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IBM and Maersk to integrate blockchain into container shipping ecosystem

IBM and Maersk have announced a new collaboration to use blockchain technology to improve operations in the global supply chain by increasing data transparency and information sharing.

{mprestriction ids="1,2"}The blockchain system to be used is based on the Linux Foundation’s open source Hyperledger Fabric and built by IBM and Maersk. The companies say that the technology will be made available to the shipping and logistics industry with the aim of helping to manage and track the paper trail of tens of millions of shipping containers across the world by digitising the supply chain process from end-to-end.

IBM and Maersk intend to work with a network of shippers, freight forwarders, ocean carriers, ports and customs authorities to build the new global trade digitisation system, which is expected to go into production later this year. When adopted at scale, the partners believe that the system has the potential to save the industry billions of dollars.

The technology is being designed to help reduce fraud and errors, minimise the time products spend in the transit and shipping process, improve inventory management and ultimately reduce waste and cost.

Maersk found in 2014 that just a simple shipment of refrigerated goods from East Africa to Europe can go through nearly 30 people and organisations, including more than 200 different interactions and communications among them. In order to prove the potential value of a commercial trade digitisation system, IBM and Maersk have worked with a number of trading partners, government authorities and logistics companies to investigate how the technology could be applied.

For example, goods from Schneider Electric were transported on a Maersk Line container vessel from the Port of Rotterdam to the Port of Newark in a pilot with the Customs Administration of the Netherlands under an EU research project. The US Department of Homeland Security Science and Technology Directorate, and US Customs and Border Protection are also participating in this pilot.

Damco, Maersk’s supply chain solutions company, supported origin management activities of the shipment while utilising the system. The international shipment of flowers to Royal FloraHolland from Kenya, Mandarin oranges from California, and pineapples from Colombia were also used to validate the system for shipments coming into the Port of Rotterdam.

“As a global integrator of container logistics with the ambition to digitise global trade, we are excited about this cooperation and its potential to bring substantial efficiency and productivity gains to global supply chains, while decreasing fraud and increasing security,” said Ibrahim Gokcen, chief digital officer, Maersk.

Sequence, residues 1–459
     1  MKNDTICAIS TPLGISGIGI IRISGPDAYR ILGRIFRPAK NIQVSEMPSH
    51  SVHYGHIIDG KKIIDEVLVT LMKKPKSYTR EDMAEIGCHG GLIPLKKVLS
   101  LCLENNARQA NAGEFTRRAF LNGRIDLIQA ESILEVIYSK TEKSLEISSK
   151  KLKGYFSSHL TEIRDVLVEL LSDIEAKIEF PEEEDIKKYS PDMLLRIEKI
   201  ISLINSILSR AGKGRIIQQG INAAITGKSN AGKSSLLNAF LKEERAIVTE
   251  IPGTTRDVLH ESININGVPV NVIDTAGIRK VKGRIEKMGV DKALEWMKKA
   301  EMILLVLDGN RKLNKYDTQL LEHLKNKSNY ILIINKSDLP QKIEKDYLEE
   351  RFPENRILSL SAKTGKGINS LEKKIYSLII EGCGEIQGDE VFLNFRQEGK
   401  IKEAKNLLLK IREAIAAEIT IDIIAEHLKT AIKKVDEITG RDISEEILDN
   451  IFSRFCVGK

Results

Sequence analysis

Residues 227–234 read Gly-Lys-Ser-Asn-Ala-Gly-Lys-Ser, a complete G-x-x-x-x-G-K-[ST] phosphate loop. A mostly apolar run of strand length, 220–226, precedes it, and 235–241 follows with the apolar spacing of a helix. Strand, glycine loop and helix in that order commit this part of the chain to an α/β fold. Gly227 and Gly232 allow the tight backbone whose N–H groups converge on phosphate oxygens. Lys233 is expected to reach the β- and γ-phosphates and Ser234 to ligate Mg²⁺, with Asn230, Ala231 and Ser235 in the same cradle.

“The projects we are doing with IBM aim at exploring a disruptive technology such as blockchain to solve real customer problems and create new innovative business models for the entire industry. We expect the solutions we are working on will not only reduce the cost of goods for consumers, but also make global trade more accessible to a much larger number of players from both emerging and developed countries.”

Blockchain is hoped to be able to reduce administrative work in shipping documentation by providing an immutable, secure and transparent shared network, that will provide each participant with end-to-end visibility of transport data based on their level of permission.

Each participant in a supply chain ecosystem can view the progress of goods through the chain, to see where a container is in transit, inspect the status of customs documents, or view bills of lading and other data. Detailed visibility of the container’s progress through the supply chain can be improved by the real time exchange of original supply chain events and documents.

An important element of the blockchain technology is that no one party can modify, delete or even append any record without the consensus of others on the network, creating a level of transparency that should help to reduce fraud and errors, improve inventory management and speed up the entire process.

This will also be supplemented by the use of an industry standard API for the centralised sharing of data and shipping information via the Cloud, originally conceived by Frank Heijmann, head of trade relations at the Customs Administration of the Netherlands, and David Hesketh, head of customs research and development at HM Revenue and Customs in the UK, and further developed under the European Union’s FP7 CORE demonstrator project.

“We believe that this new supply chain solution will be a transformative technology with the potential to completely disrupt and change the way global trade is done,” said Bridget van Kralingen, senior vice president, industry platforms, IBM.

“Working closely with Maersk for years, we've long understood the challenges facing the supply chain and logistics industry and quickly recognised the opportunity for blockchain to potentially provide massive savings when used broadly across the ocean shipping industry ecosystem.”

“Bringing together our collective expertise, we created a new model the industry will be able to use to help improve the transparency and efficiency of delivering goods around the globe.”

Once it is made available to the ocean shipping industry ecosystem later this year, IBM will host the system on the IBM Cloud and the IBM high-security business network, delivered via IBM Bluemix.{/mprestriction}

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